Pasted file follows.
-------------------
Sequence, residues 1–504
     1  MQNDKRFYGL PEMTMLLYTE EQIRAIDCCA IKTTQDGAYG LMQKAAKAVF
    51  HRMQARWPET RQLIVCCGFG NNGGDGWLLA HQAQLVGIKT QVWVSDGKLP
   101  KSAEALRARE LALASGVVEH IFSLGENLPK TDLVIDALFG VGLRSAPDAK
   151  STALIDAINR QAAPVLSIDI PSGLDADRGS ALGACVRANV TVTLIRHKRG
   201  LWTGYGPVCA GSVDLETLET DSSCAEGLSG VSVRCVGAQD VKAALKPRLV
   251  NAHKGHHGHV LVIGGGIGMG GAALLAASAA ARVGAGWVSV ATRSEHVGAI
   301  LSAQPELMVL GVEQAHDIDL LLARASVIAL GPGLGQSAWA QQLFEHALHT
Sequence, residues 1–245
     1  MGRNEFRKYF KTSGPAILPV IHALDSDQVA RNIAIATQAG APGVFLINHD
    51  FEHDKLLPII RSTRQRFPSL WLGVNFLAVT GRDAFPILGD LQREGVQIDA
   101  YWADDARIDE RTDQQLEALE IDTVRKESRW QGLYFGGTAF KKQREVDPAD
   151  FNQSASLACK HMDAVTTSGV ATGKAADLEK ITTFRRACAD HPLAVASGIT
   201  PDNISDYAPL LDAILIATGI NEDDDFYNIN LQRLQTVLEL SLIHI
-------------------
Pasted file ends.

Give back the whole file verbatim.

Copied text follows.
Sequence, residues 1–504
     1  MQNDKRFYGL PEMTMLLYTE EQIRAIDCCA IKTTQDGAYG LMQKAAKAVF
    51  HRMQARWPET RQLIVCCGFG NNGGDGWLLA HQAQLVGIKT QVWVSDGKLP
   101  KSAEALRARE LALASGVVEH IFSLGENLPK TDLVIDALFG VGLRSAPDAK
   151  STALIDAINR QAAPVLSIDI PSGLDADRGS ALGACVRANV TVTLIRHKRG
   201  LWTGYGPVCA GSVDLETLET DSSCAEGLSG VSVRCVGAQD VKAALKPRLV
   251  NAHKGHHGHV LVIGGGIGMG GAALLAASAA ARVGAGWVSV ATRSEHVGAI
   301  LSAQPELMVL GVEQAHDIDL LLARASVIAL GPGLGQSAWA QQLFEHALHT
Sequence, residues 1–245
     1  MGRNEFRKYF KTSGPAILPV IHALDSDQVA RNIAIATQAG APGVFLINHD
    51  FEHDKLLPII RSTRQRFPSL WLGVNFLAVT GRDAFPILGD LQREGVQIDA
   101  YWADDARIDE RTDQQLEALE IDTVRKESRW QGLYFGGTAF KKQREVDPAD
   151  FNQSASLACK HMDAVTTSGV ATGKAADLEK ITTFRRACAD HPLAVASGIT
   201  PDNISDYAPL LDAILIATGI NEDDDFYNIN LQRLQTVLEL SLIHI